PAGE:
Currently, most of the city at large is populated by renters, many of whom are off-campus students. The city wants to improve economic and residential stability by encouraging people to stay for the long haul, and especially hopes to do so by having more of the locals own the homes they live in.
Students have proven transient, often leaving for other cities upon graduation. The city of New Brunswick has developed affordable housing policies and programs to encourage a rent-to-ownership transition among remaining residents, many of whom fall within the city’s low-to-middle-income designation.
And DEVCO has also turned its attention to the student housing challenge. Last year DEVCO and Rutgers officials announced plans to build a $295 million expansion of the campus on College Avenue. The plan calls for the construction of the first new academic building on the campus in nearly 50 years, housing for 1,300 students, an honors college, a parking garage, and a 30,000-square-foot outdoor plaza.
The 800,000-square-foot project also calls for new facilities for the New Brunswick Theological Seminary, which owns most of the redevelopment site. “This will now make Rutgers one contiguous campus that runs for about 15 blocks from the New Brunswick train station all the way to the Raritan River,” said Paladino at the time of the announcement.
Higgins, for one, believes that New Brunswick is geared toward a younger demographic, and says he has not seen many baby boomer-era couples who live downtown among the other younger professionals, young couples, and those starting families he commonly comes across. “For people in their 20s to early 40s it’s probably a great place to be,” says Higgins.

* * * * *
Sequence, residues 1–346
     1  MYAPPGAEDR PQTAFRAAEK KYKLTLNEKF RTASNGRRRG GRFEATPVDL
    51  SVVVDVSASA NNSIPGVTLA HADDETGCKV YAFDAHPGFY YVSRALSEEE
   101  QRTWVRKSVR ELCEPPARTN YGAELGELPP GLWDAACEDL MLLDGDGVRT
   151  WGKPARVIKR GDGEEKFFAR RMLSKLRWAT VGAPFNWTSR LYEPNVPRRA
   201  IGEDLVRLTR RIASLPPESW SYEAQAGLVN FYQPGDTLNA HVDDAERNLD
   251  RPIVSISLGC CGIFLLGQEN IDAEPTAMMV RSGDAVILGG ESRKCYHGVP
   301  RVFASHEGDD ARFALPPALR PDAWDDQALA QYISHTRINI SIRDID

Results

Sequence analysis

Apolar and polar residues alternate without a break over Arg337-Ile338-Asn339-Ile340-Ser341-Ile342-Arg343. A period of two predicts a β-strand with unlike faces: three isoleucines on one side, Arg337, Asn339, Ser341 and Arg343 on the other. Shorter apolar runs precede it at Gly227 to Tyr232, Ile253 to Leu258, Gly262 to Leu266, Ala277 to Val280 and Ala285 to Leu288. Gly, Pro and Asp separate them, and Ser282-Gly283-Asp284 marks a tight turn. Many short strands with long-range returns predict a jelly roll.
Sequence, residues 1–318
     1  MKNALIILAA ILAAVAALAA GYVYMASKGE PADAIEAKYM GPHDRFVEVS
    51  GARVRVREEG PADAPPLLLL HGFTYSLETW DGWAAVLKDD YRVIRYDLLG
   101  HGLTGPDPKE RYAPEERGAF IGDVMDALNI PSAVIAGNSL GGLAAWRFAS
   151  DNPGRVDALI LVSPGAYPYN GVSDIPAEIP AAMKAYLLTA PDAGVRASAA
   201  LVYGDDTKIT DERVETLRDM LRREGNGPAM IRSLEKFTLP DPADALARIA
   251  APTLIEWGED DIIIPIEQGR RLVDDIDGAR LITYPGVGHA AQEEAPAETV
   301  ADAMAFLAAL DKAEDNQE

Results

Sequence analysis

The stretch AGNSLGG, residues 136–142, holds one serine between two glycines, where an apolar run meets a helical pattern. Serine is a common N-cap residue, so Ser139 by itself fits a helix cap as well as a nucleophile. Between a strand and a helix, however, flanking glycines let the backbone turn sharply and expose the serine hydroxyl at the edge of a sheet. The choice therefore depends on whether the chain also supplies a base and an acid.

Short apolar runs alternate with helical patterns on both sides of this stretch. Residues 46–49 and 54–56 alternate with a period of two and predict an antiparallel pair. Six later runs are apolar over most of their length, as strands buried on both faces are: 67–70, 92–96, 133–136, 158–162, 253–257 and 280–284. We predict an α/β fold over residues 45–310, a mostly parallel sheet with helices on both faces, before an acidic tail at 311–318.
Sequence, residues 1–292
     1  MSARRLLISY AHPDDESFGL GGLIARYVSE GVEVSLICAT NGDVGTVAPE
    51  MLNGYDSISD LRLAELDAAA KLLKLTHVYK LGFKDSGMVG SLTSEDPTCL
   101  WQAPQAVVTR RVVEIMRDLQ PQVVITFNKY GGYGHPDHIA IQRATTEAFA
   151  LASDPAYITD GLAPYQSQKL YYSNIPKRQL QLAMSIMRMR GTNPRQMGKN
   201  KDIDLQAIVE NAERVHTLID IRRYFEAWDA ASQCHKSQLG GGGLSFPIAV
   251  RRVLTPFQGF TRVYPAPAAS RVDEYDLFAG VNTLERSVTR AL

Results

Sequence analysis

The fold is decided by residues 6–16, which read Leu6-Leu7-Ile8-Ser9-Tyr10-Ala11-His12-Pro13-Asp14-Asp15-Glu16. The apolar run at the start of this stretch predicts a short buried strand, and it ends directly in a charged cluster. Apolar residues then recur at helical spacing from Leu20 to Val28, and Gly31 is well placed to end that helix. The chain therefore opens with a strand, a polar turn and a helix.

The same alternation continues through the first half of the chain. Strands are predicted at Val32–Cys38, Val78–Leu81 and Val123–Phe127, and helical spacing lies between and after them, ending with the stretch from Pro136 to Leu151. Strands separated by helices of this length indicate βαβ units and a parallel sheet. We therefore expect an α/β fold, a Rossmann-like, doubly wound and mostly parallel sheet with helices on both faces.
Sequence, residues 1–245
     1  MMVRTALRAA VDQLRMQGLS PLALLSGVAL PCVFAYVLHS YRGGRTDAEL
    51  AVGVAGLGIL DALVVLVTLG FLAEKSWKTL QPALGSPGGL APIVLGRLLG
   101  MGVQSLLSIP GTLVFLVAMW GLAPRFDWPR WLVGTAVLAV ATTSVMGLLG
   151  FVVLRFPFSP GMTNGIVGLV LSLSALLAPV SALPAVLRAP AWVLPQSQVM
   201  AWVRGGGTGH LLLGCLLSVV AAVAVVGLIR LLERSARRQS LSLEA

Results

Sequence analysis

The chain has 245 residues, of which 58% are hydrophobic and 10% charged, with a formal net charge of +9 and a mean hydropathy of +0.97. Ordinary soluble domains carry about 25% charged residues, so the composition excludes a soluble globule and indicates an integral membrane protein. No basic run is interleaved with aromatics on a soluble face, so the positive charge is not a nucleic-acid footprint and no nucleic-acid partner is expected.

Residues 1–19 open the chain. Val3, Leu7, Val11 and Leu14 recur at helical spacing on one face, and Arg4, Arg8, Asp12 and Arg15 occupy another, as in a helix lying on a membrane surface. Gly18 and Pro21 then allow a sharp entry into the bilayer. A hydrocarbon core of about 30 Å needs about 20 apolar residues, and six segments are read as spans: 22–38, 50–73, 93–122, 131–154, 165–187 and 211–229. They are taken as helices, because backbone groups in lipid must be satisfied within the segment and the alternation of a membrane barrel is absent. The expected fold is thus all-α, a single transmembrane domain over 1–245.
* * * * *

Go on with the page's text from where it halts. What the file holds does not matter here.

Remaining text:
But New Brunswick planners and community boosters are by no means finished with their transformation of the city.
Paladino says he “sees the residential community as laying the groundwork for an office community.” DEVCO is already working on its next project, 1 million square feet of office space on that five-acre tract across the street from the train station, where the city hopes some of the various pharmaceutical, biology, transitional research, and financial services companies it has been courting will eventually reside.
If all goes as DEVCO and city officials have planned, not many people will think of New Brunswick as one dimensional. The downtown area’s future iterations may come to resemble the Swiss Army Knife of New Jersey urban culture: increasingly compact, higher-end, multi-functional, college-educated street smarts — all gradually aged and polished into a cultured metropolitan shine.
As Paladino has been quoted as saying: “Cities are never finished, and there’s always a new challenge.”
The Vue, 110 Somerset Street, New Brunswick. 732-828-0111. www.TheVueNJ.com. Onsite sales and leasing office open Monday-Friday 10 a.m. to 6 p.m. Saturday and Sunday 11 a.m. to 6 p.m.